*Our policy is to typically not identify victims of domestic violence. In this case Heather came forward wanting to help bring awareness to help others.
YUMA, Ariz. – “I would have bruises on my arms, on my neck. I would have black eyes or something like that”, Yuma resident Heather Griffith is remembering the moments she fought for her life in a violent relationship with her now ex-husband. “Each time we had a fight it would escalate more and more each time”, said Griffith.
Heather was a marine at MCAS Yuma at the time of the relationship, she says the attacks from her ex husband Jhermie Mccamey were an almost daily occurrence leaving her in fear of her life.
“Who did you talk to? Who did you look at? What did you two talk about on the way over there? It’s like you are isolated in there, and you try to hide what happens inside those four walls from the world”, said Griffith.
Heather sent us several photos showing her bruised and battered, wounds inflicted by a man she thought she loved. “You want to believe this person can change so you stay”, said Griffith.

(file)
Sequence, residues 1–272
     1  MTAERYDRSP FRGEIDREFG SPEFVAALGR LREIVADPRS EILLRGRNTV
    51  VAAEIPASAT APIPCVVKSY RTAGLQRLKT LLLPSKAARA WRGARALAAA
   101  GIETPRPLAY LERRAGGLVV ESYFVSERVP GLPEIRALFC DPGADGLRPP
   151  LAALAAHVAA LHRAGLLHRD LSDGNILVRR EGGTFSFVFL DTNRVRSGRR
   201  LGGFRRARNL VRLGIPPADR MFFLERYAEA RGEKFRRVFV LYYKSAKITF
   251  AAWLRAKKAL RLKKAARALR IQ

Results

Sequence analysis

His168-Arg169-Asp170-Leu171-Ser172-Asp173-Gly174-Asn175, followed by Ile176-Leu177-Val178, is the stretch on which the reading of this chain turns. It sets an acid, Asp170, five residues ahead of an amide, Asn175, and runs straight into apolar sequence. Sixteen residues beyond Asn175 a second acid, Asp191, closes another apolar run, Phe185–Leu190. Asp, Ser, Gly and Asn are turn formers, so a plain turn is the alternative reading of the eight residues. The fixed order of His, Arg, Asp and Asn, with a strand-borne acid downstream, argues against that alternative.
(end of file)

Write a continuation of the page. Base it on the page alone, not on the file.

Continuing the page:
If this can happen to a marine it could very well happen to just about anyone. Sadly it seems that is the case. According to the National Coalition against Domestic Violence 1 in 3 women will become victims of domestic violence in their lifetime. For Heather’s case, she was finally able to break free from her abusive ex-husband but that came with another shocking development that left her with more emotional scars.
It was April 2015, Heather’s ex-husband Jhermie McCamey was found guilty of murdering his aunt Lisa in Okolona, Mississippi. “He had shot and killed his aunt, shot her 4 times in the back and front of the head and is doing 16 years”.
Today Heather works with The Healing Journey to spread awareness about Domestic Violence. This year they are taking part in a large fundraising effort called the Purple Purse Challenge. The fundraiser is led by the Allstate Foundation. The focus this year is domestic violence in the eyes of children. The Allstate Foundation says he Purple Purse Challenge is a friendly fundraising competition that has raised nearly $5.5 million for more than 160 national, state and local nonprofits and the survivors they serve.
It’s an initiative that the “What I see are children tired the next day of school because maybe mom was fighting with her boyfriend husband or partner and they didn’t sleep or they were afraid they wouldn’t have a mom in the morning.” A pain Heather, a mother of 3, knows all too well. “They can make it, they can become something great”, said Heather.
The Purple Purse Challenge begins September 27th and goes through October 25th. If you would like to donate to The Healing Journey to help local victims of Domestic Violence visit their website www.healingjourneyyuma.org